Little Visits: Grey on Grey

After about a week of really sunny pleasant weather to celebrate our release from restrictions, we were planning a Little Visit to Eynesbury Grey Box Forest.

And

As it turned out, so the weather turned.  So I pulled on my best grey jacket, and we set out under a grey, ashen, sky hoping that the sun might break through a little.

But

When we arrived at the forest, the weather had ‘lowered’ even further, and any chance of well lit photos had disappeared.  However we wanted to look to see if the Flame Robins were in good numbers and set off like adventurers along one of the maintained tracks.

It has been said, either kindly or unkindly, that I have Grey Box sap flowing in my veins.  There is something very soothing to me about stepping off the track and merging into the forest.  The grey might seem bland to some, but there are so many tones, so many rich shapes and such beautiful trees and that I find it a visually exciting environment.

One of the masters of the forest area at Eynesbury is Jacky Winter.

I find myself enamoured with these delightful little birds that seem both so well adapted and so well suited to the Grey Box area.  They don’t come in a wide range of flashy colours, they are somewhat small and inconspicuous, but they always to make the forest dance and sing when we come across them. Perhaps its their ‘tail wag’ with the leadining white edges of the tail flashing their presence.

We were fortunate enough to locate five pairs during the morning.

Perhaps the most interesting were a pair that had located quite a large grub and it took both of them to subdue it.  Once they had eaten it they were off to a tree for a rest for the awhile.

Enjoy

Brown Treecreeper
Not a resident of Eynesbury but a regular visitor. Spiny-cheeked Honeyeater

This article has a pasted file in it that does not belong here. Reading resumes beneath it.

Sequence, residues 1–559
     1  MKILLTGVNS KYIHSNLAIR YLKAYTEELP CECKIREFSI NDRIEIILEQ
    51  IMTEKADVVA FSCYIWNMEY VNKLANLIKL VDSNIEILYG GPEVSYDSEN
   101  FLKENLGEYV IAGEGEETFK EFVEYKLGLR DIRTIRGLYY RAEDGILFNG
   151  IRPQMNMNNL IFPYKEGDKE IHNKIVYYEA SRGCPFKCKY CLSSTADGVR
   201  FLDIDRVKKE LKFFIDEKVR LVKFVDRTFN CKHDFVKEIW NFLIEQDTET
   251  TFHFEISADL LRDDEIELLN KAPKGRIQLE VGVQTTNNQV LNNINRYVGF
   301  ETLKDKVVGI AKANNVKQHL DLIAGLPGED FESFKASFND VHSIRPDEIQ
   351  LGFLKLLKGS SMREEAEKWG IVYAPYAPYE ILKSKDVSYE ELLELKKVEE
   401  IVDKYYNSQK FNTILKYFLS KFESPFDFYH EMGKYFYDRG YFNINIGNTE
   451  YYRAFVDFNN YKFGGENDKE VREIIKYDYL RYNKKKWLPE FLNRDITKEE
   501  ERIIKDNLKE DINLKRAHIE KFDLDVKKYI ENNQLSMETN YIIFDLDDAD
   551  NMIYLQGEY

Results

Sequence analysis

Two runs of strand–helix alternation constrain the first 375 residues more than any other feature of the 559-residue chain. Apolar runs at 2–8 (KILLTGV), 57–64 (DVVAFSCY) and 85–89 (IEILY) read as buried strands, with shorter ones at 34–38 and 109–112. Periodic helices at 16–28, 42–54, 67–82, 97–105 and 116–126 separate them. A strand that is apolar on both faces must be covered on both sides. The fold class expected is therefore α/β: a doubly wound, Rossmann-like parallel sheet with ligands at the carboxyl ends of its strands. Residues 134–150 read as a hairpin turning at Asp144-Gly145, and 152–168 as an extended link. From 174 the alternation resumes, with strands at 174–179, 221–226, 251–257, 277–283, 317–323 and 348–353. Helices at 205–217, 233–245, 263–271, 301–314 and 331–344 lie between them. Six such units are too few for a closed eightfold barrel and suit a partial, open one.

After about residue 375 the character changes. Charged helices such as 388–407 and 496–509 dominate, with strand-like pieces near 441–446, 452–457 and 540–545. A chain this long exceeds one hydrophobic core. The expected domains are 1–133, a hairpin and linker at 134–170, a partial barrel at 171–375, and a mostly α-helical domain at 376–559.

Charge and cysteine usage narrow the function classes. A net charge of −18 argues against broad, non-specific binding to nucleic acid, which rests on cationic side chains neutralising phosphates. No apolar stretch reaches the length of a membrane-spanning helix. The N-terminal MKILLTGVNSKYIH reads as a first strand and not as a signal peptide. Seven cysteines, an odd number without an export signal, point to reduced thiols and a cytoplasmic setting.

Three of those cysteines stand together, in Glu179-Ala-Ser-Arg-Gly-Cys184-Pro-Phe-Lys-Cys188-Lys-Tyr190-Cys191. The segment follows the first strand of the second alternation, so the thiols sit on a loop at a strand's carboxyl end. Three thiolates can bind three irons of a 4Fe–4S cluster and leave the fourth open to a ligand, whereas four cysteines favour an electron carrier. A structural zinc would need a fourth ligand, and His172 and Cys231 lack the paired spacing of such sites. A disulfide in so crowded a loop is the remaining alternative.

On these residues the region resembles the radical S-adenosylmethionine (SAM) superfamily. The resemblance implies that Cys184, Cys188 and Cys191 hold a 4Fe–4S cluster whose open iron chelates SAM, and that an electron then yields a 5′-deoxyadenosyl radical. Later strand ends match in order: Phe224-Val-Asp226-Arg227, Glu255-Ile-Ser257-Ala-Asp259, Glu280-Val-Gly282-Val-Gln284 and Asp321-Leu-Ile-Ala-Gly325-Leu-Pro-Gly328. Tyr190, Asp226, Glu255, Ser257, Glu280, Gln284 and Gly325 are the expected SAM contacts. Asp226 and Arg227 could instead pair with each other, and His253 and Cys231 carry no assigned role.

9 thoughts on “Little Visits: Grey on Grey

  1. Lovely images of the Jackies, David. And great to see the Spiny Cheeked too! The weather sure has changed – the drive to Waurn Ponds at 2 this morning wasn’t much fun.

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  2. Top images Dave. I love the Jacky Winters. I saw a couple at Eynesbury last Saturday with the Birdlife Australia Photography group, but couldn’t get close for a reasonable shot.

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    1. Hi Rodger, they are tricky little customers. They need a bit of time to accept the intrusion, and generally will settle down. We were a bit lucky in some respects as they like hunting over open areas and now that there is good grass out there, the tracks proved very useful.

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    1. Thanks Eleanor, the area was a treat all dressed in green as the grasses have benifited from the recent rains. Harder work out there for photographers as most of the birds are quiet and settled down for winter. But its a great place to walk as it is open and quite flat.

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  3. An enjoyable post David, as grey as the day turned out, Jackie made the day. Do lovely that you get to see this bird, we don’t see him here, but we have enjoyed when you feature him, as he is one of your favorites. We don’t see much of the Brown Treecreeper either, but at this time of year see lots of the White-throated cousin. All beautiful captures, and love the shades of grey, something we are both accustomed to 🙂

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    1. Hello Ashley, thanks for dropping by. Jacky used to be called “The Lesser Fascinating Bird”, back in the 1920s. Its Robin like habits of dropping and pouncing and its Fantail habits of flicking the tail make it an interesting bird to watch at work.
      The Brown Treecreeper are permanent residents in Eynesbury, and while the numbers appear on decline elsewhere, they usually have very successful nestings in the Grey Box forest.

      Now we settle in to the grey days as part of the winter process.

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  4. These images are such a treat to watch. As much as I love the little flames of the wintery robins, you show how classy the grey Jacky can be (with or without a grub ;-).
    The sharp claws of the Brown Treecreper look awesome too and my special thank-you for the Spiny-cheeked Honeyeater. I’ve got two very blurry shots of “a bird” I made in Coolart last week that I’ve tried to identify because of its call and somehow couldn’t do it, despite going through all honeyeaters images in my two trusted guides. Now I’ve seen the light…

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